Free shipping on orders over $150, excl. furniture

History1 1280x720



FAO’s first products are inspired by the principles laid down by the most prestigious early-20th century producers of household articles, particularly companies from Austria and England. Giovanni has a real obsession with quality and finely crafted work. His copper, brass and nickel silver products, subsequently nickel-, chrome- or silver-plated, soon become well known for their perfect finishes and consummate craftsmanship. In 1932 Carlo Alessi, Giovanni’s eldest son, joins the company as a very young man. He goes on to design the majority of the objects produced between the mid-1930s and 1945.




During the 1950s the company gradually replaces soft metals with stainless steel, marking the transition from artisanal craftsmanship to mass production. In this period the company specialises in creating professional equipment for hotels, restaurants and bars. Carlo Alessi, eldest son of the founder, becomes General Manager. His brother Ettore, who join the company in 1945, become Head of the Technical Office, strengthening the design-based identity of the business. His stewardship sees the creation of a number of “industrial designs”, such as the steel wire baskets and fruit bowls. Under Ettore ALFRA also begins partnerships with external designers such as Luigi Massoni, Carlo Mazzeri and Anselmo Vitale.

History3 768x432



Alberto is driven by a simple yet revolutionary intuition that the bond between people and objects is not simply shaped by functionality. Men and women have other equally important and deep-rooted needs that form the basis for their relationship with the things they use, such as poetry, emotions, the communication of their identity, their values... Designers are professionals who create functional objects that are capable of capturing the public’s imagination.

Alberto Alessi has described his career as like a series of meetings that have enabled him to flesh out and go beneath the surface of his original intuition. Franco Sargiani, Ettore Sottsass, Richard Sapper, Achille Castiglioni, Alessandro Mendini, Aldo Rossi, Michael Graves and Philippe Starck were the “meetings” which, in the 1970s and 1980s, helped transform the company into the Factory of Design envisaged by Alberto.




The operation stems from a desire to explore the world of international design in order to identify new talents who can rewrite the design language of household goods. “Tea & Coffee Piazza” enjoys considerable public and critical acclaim, finally confirming Alessi’s status as one of the Factories of Italian Design. The project also leads to the discovery of two talented new designers: Aldo Rossi and Michael Graves.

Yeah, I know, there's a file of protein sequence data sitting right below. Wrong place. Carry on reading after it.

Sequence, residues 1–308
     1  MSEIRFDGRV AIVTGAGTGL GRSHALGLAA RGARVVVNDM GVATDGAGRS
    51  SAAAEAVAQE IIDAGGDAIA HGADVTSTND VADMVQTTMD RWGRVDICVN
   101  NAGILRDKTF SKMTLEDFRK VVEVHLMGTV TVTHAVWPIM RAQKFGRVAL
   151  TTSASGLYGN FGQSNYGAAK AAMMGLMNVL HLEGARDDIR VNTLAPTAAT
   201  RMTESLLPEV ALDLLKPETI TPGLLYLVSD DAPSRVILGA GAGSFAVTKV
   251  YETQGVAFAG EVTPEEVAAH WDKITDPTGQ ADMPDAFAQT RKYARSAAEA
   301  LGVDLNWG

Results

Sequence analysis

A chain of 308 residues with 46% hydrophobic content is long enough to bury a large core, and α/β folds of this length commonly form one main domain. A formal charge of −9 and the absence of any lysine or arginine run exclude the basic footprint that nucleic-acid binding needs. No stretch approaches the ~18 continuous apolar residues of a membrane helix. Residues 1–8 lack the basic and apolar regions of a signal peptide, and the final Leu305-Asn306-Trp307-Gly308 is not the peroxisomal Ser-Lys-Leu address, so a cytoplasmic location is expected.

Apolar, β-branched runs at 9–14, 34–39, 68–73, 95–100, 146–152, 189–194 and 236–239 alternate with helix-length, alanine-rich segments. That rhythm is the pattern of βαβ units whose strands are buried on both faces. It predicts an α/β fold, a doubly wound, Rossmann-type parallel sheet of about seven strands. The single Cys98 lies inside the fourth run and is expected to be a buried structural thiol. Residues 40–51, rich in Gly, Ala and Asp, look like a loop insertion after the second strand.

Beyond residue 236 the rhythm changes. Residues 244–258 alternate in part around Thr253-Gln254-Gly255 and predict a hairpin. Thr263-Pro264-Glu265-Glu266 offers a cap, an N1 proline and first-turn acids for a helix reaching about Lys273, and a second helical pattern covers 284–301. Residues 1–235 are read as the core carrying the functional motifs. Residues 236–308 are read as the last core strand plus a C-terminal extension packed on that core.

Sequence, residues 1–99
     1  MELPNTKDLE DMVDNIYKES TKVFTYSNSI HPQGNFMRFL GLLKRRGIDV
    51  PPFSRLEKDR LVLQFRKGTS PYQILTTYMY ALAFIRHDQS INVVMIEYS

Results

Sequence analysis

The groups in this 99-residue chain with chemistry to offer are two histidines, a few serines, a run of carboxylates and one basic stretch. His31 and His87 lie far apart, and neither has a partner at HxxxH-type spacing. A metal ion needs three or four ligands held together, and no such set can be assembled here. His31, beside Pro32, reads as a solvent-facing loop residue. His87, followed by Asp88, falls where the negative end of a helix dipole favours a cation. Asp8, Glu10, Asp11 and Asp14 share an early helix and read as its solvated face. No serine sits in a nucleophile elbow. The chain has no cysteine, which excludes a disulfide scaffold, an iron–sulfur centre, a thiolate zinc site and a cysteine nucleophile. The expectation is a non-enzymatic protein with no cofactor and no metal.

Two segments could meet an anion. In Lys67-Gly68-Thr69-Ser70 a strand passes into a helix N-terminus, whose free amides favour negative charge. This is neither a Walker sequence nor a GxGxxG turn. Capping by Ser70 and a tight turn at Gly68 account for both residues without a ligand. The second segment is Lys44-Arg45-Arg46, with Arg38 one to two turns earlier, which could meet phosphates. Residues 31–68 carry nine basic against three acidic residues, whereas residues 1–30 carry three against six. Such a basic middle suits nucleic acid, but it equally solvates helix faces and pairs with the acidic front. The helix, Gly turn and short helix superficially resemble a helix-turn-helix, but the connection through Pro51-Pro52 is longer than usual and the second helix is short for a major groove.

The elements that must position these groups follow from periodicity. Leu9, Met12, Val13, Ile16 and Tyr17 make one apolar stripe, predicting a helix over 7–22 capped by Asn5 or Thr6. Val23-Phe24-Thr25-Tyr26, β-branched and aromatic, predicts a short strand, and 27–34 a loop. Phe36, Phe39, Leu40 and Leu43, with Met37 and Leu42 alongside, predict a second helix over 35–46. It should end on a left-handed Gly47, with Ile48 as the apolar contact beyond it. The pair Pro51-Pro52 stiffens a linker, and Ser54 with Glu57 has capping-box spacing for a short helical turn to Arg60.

History 5



The CSA has been created to carry out a dual mission: to develop theoretical contributions to issues related to the object and to coordinate the work that Alberto Alessi sought to begin with the young designers. Managed by Laura Polinoro, for a decade the CSA operate mainly runs design workshops (seminars), organised in association with universities and schools, and with groups of designers.

The decision to use materials other than steel is another important decision that shapes the decade. The company opens to plastic; to wood in 1989 with the Twergi brand; and to glass, porcelain and then ceramics in 1992 with the Tendentse brand and the “100% Make up” vase project.

History6 1280x720



The first decade of the 21st century begins with the presentation of the “Tea & Coffee Towers” project, a successor to Alessi’s “Tea & Coffee Piazza” in 1983. This initiative launches a new series of partnerships that spawn genuine mass products, such as those by David Chipperfield, Doriana and Massimiliano Fuksas, Toyo Ito, SANAA, Wiel Arets and Yan Kaplicky. In this decade Alessi’s products reflect the “eclectic” character that had begun to emerge with greater insistence in the second half of the 1990s. The company’s ability to work with new designers - of different nationalities, ages, backgrounds and design approaches - simultaneously is reflected in a collection of objects that are not only different from each other in terms of material or type but also, more profoundly, for their “design language”.